If your curve is steep, it just means that you have the potential to achieve more noticeable physical benefits from training, like I did personally.

When I started, I was very out of shape, and it was not easy. I had never done any sports in school, and I only had two experiences with martial arts beforehand.

The first of those experiences was Karate as a kid for a short period, so that didn’t help. The second was Thai Boxing with some modifications for self-defense applications.

I did that for a year before I started BJJ as well, and there is no doubt that I was helped in the cardio aspect of things by that, but I was still not in the best of shape.

Now looking back, there is a vast difference between where I was and where I am. I’ve lost about hundred pounds and gained amazing core strength, hip mobility, and grip strength among other things.

I am not unique in this experience. I have no doubt of that.

For me at least though, the physical benefits were never a priority. I was and still am so focused on learning the skill set that everything else is secondary.

So it was never exercise, and once you get in the flow of things, you'll be able to say the same thing.

It's just that fun.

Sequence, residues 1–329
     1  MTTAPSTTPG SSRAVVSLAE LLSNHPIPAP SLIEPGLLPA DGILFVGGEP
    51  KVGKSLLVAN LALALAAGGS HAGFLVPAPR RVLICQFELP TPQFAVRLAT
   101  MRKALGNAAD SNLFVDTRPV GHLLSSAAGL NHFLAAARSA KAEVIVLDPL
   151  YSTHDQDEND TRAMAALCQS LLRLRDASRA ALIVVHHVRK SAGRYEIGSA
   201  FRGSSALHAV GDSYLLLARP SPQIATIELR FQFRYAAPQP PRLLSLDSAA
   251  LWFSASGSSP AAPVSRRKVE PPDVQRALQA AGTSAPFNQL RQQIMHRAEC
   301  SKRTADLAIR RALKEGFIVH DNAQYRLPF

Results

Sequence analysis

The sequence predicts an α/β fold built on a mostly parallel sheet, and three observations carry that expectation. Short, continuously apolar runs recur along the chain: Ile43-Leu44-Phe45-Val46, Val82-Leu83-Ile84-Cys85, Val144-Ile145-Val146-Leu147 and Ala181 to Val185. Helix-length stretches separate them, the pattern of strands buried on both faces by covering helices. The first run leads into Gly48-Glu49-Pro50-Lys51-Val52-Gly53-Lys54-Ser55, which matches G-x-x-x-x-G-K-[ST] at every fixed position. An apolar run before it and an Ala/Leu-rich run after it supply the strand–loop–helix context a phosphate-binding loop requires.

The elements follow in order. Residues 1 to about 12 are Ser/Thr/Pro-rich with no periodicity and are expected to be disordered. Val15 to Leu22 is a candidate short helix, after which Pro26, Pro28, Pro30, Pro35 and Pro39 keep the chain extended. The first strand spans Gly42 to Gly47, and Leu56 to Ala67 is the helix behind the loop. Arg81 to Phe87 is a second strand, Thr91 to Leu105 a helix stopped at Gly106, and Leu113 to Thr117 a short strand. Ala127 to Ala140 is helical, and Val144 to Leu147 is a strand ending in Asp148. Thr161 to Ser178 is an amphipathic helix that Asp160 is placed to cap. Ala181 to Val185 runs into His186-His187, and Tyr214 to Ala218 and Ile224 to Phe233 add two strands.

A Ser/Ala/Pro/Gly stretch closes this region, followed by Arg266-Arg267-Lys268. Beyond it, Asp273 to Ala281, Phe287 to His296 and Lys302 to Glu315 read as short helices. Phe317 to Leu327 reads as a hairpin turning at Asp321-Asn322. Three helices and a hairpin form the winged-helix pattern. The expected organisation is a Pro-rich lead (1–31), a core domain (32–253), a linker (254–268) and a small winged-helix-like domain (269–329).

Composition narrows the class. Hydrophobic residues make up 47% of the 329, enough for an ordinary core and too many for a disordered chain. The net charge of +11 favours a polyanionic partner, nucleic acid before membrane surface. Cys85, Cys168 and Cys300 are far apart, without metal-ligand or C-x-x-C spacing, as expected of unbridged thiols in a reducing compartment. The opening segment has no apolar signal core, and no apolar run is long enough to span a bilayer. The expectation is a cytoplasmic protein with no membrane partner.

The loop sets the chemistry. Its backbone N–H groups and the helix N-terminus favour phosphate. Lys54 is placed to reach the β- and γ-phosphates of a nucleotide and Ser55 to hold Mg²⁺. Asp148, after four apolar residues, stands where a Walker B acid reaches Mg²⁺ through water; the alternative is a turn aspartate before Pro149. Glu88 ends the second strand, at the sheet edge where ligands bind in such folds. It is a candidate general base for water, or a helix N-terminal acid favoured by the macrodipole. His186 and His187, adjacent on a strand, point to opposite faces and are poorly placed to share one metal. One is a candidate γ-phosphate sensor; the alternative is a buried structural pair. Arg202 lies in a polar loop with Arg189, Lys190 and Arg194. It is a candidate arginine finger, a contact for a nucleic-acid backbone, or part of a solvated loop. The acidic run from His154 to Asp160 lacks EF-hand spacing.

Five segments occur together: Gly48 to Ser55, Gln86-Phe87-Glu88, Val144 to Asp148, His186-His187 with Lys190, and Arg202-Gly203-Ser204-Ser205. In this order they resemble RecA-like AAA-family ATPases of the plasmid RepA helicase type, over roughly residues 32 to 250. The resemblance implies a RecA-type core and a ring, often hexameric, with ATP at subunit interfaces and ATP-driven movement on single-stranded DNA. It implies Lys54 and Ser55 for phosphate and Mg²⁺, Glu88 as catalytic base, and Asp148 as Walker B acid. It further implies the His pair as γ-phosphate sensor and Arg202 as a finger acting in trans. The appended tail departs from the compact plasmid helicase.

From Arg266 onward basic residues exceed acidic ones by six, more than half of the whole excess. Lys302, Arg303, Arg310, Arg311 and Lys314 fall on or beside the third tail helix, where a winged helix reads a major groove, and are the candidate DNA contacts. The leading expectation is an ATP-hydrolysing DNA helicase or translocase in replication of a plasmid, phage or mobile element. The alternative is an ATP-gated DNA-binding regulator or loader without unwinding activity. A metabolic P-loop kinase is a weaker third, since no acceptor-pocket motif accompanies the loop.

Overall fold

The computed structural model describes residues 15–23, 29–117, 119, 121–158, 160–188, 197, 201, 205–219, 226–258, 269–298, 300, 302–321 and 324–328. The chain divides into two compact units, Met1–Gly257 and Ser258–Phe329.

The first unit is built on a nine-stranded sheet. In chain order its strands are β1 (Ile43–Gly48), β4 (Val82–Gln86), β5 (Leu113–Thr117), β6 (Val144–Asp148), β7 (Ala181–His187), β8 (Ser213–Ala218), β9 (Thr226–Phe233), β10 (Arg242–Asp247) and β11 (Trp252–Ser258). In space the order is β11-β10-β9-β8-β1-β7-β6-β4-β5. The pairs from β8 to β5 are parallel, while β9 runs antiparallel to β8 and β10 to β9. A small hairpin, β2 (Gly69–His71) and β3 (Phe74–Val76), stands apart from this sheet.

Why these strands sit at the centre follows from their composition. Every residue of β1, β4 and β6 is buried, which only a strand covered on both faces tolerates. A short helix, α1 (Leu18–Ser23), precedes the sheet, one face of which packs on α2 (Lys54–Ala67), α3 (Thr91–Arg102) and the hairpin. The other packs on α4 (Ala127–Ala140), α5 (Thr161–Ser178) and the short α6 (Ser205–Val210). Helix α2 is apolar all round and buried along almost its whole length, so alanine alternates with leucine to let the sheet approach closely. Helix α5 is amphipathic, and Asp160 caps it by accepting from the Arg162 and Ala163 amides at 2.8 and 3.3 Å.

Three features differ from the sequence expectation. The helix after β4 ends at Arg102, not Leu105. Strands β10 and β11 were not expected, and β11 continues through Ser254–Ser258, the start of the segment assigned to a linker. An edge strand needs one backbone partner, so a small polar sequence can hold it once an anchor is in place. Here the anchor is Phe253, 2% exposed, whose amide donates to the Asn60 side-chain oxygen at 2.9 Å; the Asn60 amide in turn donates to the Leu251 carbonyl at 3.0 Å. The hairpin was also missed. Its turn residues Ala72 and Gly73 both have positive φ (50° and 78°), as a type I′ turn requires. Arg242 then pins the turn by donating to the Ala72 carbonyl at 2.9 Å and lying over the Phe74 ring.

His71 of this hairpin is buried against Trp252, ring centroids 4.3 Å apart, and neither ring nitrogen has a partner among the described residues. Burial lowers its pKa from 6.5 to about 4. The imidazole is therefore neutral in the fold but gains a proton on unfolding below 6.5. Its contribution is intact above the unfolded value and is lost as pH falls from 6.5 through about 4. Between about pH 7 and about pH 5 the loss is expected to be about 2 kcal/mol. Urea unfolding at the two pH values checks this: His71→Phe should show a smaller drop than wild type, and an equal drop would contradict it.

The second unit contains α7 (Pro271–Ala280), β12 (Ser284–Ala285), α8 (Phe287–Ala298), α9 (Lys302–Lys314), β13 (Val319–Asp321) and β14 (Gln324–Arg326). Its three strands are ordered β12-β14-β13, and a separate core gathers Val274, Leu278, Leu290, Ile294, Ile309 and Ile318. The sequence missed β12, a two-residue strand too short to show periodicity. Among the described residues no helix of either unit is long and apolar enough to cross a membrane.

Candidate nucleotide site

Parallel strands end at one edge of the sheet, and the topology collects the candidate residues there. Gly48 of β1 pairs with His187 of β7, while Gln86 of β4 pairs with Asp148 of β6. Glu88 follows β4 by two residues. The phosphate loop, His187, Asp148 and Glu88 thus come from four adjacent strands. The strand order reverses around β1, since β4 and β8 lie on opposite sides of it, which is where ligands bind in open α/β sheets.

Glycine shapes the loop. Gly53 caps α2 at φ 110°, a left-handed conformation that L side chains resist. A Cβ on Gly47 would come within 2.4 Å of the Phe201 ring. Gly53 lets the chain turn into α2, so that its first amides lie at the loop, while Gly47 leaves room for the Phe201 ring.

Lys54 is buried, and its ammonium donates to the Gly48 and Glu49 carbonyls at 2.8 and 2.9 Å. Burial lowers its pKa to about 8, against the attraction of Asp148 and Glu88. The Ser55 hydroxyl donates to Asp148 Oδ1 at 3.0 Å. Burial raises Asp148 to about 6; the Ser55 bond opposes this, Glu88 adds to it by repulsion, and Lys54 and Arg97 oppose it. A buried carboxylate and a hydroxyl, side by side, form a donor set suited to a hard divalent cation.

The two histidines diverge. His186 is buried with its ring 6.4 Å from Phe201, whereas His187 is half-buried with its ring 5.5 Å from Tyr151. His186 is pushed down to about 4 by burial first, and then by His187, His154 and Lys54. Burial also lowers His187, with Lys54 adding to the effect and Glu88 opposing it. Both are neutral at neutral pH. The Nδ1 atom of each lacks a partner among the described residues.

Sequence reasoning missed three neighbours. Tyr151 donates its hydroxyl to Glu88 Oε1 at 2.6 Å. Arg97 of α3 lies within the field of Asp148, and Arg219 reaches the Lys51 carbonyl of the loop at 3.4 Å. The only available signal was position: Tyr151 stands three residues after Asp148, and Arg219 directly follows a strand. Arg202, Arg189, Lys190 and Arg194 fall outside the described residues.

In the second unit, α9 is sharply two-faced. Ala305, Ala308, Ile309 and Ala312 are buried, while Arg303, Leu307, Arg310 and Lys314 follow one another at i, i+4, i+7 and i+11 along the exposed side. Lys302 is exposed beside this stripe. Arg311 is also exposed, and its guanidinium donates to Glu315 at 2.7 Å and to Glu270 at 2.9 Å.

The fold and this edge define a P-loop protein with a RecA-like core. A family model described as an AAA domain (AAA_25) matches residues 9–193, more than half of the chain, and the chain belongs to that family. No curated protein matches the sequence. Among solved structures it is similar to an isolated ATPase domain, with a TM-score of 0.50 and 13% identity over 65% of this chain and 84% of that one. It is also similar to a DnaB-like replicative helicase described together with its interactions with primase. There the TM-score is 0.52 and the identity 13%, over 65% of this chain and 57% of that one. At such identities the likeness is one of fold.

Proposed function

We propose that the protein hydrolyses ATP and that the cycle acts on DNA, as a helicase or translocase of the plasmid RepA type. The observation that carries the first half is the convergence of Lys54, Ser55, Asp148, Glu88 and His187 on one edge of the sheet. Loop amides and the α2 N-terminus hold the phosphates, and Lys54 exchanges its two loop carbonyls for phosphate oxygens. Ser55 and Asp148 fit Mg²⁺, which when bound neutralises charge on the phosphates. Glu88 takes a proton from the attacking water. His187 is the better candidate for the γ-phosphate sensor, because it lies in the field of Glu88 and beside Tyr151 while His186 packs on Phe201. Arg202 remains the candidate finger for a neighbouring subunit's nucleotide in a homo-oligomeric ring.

Oh, and if you're interested in the conceptual side of learning and training Brazilian Jiu-jitsu, visit my bjj blog.


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    • profile image

      gepeTooRs 19 months ago

      Thanks for introducing a little ratioanltiy into this debate.

    • KBEvolve profile image

      Kenneth Brown 4 years ago from United States

      Yeah, but it's more than just a sport, and this was written with the hope that it would encourage at least one person to consider giving it a try.

    • Skarlet profile image

      Skarlet 5 years ago from California

      I personally did not. I remember that he was taking private lessons with Rorion

    • KBEvolve profile image

      Kenneth Brown 5 years ago from United States

      That begs a question. Did you ever have the opportunity to train with Ed O'Neill?

    • Skarlet profile image

      Skarlet 5 years ago from California

      Great hub. I trained with Rorion grace years ago.

    • profile image

      Derdriu 5 years ago

      KBEvolve, What an encouraging, inspiring, practical summary of the benefits of Brazilian jiu-jitsu! In particular, it's helpful how you identify and describe the critical advantages which BJJ brings its practitioners, from self-awareness and self-defense to social contacts and well-being.

      Thank you for sharing, and welcome to HubPages,


    • KBEvolve profile image

      Kenneth Brown 6 years ago from United States

      When it comes to brazilian jiu-jitsu, age is no barrier. There are quite a few examples of individuals training well beyond their 70s. I definitely understand the concern about agitating that injury though.

    • Pcunix profile image

      Tony Lawrence 6 years ago from SE MA

      I wish I could do this. I have rotator cup issues in one shoulder, so it is all to easy to subject me to excruciating pain.. but I'd love this, even at the ripe age of 64 :-)